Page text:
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When mathematics-economics graduate Justas Staisiunas ’04 sought employment with the international accounting and consulting firm Ernst & Young, he found that his undergraduate research and published findings in Economic Inquiry set him apart from other applicants.

Staisiunas co-authored a paper with his EXCEL Scholars collaborator Susan Averett, professor and head of economics and business, and his independent study adviser Howard Bodenhorn, professor of mathematics. EXCEL research and independent studies are among several major programs that have made Lafayette a national leader in undergraduate research. The College sends one of the largest contingents to the National Conference on Undergraduate Research each year; 40 students were accepted to present their research at this year’s conference.

The researchers combined the fields of economic history and labor economics while investigating the efficiency of labor markets before formal unemployment insurance. They used New Jersey population census data from the late 1880s to study manufacturing laborer compensation during the period. They found that workers at higher risk of unemployment received a premium to compensate for the inconsistency of work. Staisiunas notes that such compensation could be expected for agricultural and construction workers, but their article is one of the few that provides evidence of similar compensation for manufacturing workers.

Staisiunas is a second-year staff member in Ernst & Young’s financial services advisory group in New York City. For half the year, he works in the derivatives valuation group, which provides support to hundreds of the firm’s audits throughout the country. His responsibilities include understanding and performing the valuation of clients’ various financial contracts, which range from simple options to exotic derivatives. Staisiunas spends the rest of the year on consulting assignments, helping clients with derivatives operations and accounting.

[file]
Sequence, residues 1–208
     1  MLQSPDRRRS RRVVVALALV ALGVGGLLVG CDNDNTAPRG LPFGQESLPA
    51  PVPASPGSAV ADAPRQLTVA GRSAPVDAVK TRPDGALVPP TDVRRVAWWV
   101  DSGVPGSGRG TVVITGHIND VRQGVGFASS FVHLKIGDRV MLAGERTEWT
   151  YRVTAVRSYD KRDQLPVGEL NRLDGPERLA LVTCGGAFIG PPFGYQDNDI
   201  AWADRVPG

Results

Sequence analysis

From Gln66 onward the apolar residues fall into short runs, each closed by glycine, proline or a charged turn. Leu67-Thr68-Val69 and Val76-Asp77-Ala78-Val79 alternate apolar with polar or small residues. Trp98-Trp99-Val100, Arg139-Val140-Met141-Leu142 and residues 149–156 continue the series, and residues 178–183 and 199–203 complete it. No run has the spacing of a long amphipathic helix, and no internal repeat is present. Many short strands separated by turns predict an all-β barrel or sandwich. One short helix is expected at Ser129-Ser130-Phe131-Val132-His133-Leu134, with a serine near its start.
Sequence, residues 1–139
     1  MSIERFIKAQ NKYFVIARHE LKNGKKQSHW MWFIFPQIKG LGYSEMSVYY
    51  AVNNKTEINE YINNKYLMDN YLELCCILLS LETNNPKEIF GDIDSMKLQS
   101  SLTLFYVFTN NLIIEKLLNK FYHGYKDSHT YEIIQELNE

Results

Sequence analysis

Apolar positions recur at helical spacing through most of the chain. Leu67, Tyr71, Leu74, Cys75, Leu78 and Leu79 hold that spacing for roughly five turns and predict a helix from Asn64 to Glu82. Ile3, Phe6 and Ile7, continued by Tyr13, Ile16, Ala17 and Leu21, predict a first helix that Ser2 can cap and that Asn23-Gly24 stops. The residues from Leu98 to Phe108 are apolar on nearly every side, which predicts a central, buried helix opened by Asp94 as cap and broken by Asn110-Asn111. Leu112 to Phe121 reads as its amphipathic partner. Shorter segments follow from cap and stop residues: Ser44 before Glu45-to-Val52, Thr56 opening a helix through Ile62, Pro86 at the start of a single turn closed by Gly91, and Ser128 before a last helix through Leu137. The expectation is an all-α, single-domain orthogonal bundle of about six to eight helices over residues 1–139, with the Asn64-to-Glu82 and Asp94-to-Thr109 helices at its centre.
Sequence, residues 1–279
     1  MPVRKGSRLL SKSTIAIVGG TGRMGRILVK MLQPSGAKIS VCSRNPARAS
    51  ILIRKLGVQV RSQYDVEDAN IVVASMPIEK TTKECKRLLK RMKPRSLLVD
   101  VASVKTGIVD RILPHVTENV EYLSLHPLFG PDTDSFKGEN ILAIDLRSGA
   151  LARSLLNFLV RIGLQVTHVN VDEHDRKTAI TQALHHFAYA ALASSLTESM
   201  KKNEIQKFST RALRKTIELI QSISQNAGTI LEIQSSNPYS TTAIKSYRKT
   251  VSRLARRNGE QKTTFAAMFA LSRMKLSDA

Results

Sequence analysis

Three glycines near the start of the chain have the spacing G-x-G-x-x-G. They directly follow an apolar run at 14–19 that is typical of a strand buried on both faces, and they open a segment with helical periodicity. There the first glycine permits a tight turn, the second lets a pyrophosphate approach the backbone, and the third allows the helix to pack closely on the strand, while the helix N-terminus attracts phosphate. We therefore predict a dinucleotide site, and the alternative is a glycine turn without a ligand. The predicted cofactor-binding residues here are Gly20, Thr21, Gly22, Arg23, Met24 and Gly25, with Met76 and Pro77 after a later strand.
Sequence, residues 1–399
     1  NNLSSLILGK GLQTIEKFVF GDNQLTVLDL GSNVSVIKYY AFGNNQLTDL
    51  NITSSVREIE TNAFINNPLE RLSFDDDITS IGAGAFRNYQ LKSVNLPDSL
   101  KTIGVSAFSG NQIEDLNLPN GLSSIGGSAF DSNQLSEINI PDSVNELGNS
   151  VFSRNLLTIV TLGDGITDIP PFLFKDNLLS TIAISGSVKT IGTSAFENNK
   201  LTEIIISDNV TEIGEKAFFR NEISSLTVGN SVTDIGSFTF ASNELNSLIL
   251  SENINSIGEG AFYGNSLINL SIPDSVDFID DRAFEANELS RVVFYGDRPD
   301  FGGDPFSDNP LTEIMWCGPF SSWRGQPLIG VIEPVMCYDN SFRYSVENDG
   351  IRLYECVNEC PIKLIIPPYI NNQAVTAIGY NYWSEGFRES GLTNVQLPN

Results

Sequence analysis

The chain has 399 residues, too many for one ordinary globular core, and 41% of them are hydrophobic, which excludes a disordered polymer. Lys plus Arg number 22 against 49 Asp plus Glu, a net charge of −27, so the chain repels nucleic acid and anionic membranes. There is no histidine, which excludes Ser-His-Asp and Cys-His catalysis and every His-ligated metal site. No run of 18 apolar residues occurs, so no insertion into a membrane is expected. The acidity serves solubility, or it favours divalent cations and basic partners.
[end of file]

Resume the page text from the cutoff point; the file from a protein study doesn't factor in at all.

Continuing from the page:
“The research project with Professors Averett and Bodenhorn was the closest experience in college to what I now do on a day-to-day basis,” he says. “It was also one of my most memorable academic experiences while at Lafayette. Although my work is not directly related to our research, it is definitely of the same quantitative and analytical nature. The quantitative skills I gained through this project singled me out from the large pool of people with accounting background at my firm and helped me gain a position in the derivatives group. The publication itself is a valuable asset that I hope will help me pursue academic goals in the future.”

Averett, who often includes students in her research, has been honored with nine awards for her teaching excellence; she was the inaugural recipient of the James E. Lennertz Prize for Exceptional Teaching and Mentoring. She is coauthor of the textbook Women and the Economy: Family, Work, and Pay and is the author or coauthor of 19 journal articles. She has made 26 conference presentations. Most recently, she presented her research on the influence that siblings have over one another at the 60th International Atlantic Economic Society Conference in New York City, and the work is set for publication in Economic Inquiry. She is a member of American Economic Association, Population Association of America, and Committee on the Status of Women in the Economics Profession.

An expert in American economic and financial history, law, economics, and industrial organization, Bodenhorn is the author of State Banking in Early America: A New Economic History and A History of Banking in Antebellum America: Financial Markets and Economic Development in an Age of Nation Building. He is an editorial board member of Financial History Review and Journal of Economic History. He has published more than 30 journal articles and presented at numerous conferences and seminars. He has been a research associate at the National Bureau of Economic Research since 2001 and is author of 10 NBER working papers. He also is co-editor of a Yale University Press book series, a member of Economic History Association’s Alice Hanson Jones Prize Committee, and serves on EHA’s Audit and Budget Committee. He is a past recipient of Student Government’s Superior Teaching Award, the Otto Eckstein Prize for best article in Eastern Economic Journal, and the Arthur H. Cole Award for best article in Journal of Economic History.

Categorized in: Alumni Profiles